National Share a Story Month 2024

Every May, National Share a Story Month is celebrated in schools across the country. Let's consider how we can take this opportunity to engage parents and promote reading for pleasure at home.
Children reading books in the playground.
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This May, schools, academies, and other educational settings are coming together to mark National Share a Story Month. Established by the Federation of Children’s Book Groups (FCBG), this event is an opportunity to celebrate storytelling and story sharing. 

Every year, events and competitions take place across the UK to engage children in reading through an exciting theme. The theme for 2024 is “A Feast of Stories,” encouraging children to discover the fabulous meals that exist in fiction. This theme reminds us of the remarkable way that writers can invoke the senses through descriptive language and vivid imagery. 

As we know, reading for pleasure is the single biggest indicator of a child’s future success, advancing their social, emotional and cognitive skills. But National Share a Story Month is not only about celebrating the benefits of reading, but recognising its ability to bring people together. 

Worryingly, research shows that reading for pleasure has fallen to its lowest level since 2005, as fewer than 1 in 2 (47.8%) children and young people aged 8 to 18 say that they enjoy reading. This is even lower for children growing up in poverty.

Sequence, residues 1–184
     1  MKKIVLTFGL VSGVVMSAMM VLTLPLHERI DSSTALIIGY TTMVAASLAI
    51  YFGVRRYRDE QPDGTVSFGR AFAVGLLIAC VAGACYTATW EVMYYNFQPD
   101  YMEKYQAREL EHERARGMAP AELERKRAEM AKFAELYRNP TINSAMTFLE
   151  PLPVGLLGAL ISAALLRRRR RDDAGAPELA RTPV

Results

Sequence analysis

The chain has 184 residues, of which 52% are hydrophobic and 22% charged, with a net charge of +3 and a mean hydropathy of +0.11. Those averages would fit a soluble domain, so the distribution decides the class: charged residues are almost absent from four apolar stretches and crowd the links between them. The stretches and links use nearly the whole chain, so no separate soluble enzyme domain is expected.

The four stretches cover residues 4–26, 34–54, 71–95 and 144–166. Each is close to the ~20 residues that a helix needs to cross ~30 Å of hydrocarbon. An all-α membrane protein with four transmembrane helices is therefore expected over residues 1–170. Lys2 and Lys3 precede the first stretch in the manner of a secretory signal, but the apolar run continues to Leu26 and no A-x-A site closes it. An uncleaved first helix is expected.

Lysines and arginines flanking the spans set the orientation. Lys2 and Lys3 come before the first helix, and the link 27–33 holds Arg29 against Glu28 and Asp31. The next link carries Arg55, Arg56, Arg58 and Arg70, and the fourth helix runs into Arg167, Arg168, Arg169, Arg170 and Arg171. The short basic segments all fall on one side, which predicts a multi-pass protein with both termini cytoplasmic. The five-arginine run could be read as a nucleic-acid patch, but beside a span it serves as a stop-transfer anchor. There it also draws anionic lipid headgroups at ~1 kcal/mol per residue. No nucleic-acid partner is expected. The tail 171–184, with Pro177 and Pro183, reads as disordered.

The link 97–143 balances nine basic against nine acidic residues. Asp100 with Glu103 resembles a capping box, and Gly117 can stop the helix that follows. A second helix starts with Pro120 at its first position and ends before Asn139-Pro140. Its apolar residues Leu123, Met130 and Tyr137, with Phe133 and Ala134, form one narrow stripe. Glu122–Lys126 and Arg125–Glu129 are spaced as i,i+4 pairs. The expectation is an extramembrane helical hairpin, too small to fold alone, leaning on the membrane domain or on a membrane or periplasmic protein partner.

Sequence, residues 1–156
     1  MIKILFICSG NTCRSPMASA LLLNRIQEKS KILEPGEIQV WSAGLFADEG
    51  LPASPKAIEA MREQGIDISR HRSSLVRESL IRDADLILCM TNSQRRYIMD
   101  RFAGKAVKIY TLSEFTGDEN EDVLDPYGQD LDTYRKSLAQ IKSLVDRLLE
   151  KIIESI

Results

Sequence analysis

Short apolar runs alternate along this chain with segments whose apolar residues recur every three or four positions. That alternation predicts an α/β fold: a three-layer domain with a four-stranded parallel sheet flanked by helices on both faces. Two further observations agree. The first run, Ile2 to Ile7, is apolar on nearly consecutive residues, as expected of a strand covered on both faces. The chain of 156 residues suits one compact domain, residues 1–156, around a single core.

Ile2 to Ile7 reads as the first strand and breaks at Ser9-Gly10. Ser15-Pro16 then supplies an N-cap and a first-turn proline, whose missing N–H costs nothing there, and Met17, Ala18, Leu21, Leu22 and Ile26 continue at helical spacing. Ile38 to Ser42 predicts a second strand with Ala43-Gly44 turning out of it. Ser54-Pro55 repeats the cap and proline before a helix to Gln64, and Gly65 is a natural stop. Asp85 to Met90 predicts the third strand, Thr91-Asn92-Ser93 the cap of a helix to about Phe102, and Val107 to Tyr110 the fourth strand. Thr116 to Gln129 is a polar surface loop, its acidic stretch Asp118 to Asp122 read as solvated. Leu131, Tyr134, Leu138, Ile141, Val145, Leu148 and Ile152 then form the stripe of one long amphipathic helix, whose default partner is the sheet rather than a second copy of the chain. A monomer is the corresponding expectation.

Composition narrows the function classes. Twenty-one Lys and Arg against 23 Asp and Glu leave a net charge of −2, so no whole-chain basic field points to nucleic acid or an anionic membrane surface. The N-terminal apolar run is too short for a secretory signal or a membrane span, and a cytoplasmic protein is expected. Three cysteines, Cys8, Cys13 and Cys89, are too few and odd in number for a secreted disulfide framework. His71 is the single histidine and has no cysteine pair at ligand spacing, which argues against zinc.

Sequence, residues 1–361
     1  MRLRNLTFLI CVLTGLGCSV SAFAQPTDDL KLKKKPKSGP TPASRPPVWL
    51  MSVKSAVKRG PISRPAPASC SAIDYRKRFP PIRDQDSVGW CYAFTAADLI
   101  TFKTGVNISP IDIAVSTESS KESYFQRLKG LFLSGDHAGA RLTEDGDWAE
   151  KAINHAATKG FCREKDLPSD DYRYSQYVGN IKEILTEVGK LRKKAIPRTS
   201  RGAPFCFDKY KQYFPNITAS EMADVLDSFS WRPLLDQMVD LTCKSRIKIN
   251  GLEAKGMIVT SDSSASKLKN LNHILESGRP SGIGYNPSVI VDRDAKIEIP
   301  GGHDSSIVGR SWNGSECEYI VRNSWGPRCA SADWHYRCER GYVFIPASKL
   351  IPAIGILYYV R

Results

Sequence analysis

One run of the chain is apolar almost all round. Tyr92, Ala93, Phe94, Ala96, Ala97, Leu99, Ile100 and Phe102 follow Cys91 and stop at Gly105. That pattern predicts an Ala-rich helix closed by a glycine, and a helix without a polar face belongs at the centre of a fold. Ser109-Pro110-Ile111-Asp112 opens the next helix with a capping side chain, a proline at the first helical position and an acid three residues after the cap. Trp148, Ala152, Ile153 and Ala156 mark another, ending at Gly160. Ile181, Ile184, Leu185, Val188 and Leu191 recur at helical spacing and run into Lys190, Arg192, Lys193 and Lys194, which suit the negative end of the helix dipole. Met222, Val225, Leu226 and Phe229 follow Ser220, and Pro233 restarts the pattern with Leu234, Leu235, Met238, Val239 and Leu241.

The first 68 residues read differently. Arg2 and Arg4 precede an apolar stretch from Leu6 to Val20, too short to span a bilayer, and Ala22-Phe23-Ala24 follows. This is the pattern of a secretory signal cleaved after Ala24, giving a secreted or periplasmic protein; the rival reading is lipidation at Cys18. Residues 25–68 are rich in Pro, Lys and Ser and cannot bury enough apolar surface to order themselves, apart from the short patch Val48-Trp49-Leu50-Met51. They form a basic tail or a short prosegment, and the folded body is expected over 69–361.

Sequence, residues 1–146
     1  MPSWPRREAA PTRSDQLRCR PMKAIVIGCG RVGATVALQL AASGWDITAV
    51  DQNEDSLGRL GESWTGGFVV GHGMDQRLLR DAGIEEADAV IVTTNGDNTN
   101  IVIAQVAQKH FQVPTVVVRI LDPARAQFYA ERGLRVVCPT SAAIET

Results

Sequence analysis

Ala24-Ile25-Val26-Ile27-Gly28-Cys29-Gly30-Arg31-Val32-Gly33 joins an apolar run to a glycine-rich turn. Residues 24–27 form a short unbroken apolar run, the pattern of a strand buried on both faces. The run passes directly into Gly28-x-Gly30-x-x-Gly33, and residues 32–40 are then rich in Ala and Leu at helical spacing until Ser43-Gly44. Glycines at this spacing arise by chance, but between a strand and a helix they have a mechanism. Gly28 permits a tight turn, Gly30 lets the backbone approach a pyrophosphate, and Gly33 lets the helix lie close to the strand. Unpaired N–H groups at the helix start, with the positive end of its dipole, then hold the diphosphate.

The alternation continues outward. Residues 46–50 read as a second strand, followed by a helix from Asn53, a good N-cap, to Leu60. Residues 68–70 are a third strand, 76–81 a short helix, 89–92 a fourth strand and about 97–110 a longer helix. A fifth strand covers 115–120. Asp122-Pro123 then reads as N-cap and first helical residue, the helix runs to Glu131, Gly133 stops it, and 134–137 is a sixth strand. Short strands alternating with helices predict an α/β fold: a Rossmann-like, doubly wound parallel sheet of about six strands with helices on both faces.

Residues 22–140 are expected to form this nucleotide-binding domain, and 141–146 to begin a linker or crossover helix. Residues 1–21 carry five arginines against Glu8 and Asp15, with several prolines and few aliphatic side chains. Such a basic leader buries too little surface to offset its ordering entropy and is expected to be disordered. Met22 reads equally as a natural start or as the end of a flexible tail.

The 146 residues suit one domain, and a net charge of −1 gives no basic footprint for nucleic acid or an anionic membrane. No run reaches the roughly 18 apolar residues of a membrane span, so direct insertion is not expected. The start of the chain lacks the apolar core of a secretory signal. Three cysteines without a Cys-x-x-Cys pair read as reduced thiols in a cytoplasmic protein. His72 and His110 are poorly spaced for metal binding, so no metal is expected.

Often, we are focused on what we can do inside the classroom to instil a love of reading in our pupils, but it’s also important to consider how we can promote reading beyond the school walls. In this blog, we will discuss how we can encourage parents to read to their children at home, ensuring the magic of reading continues to thrive not only during school hours but throughout a child’s life. 

How to encourage reading at home

Research shows that 58% of children aged 3 – 4 years old are read to daily or nearly everyday, as parents try to get them “school ready.” However, once children have started school, shared daily reading falls to 44%. This suggests that many parents believe reading is a subject like any other, to be taught and learned in the classroom.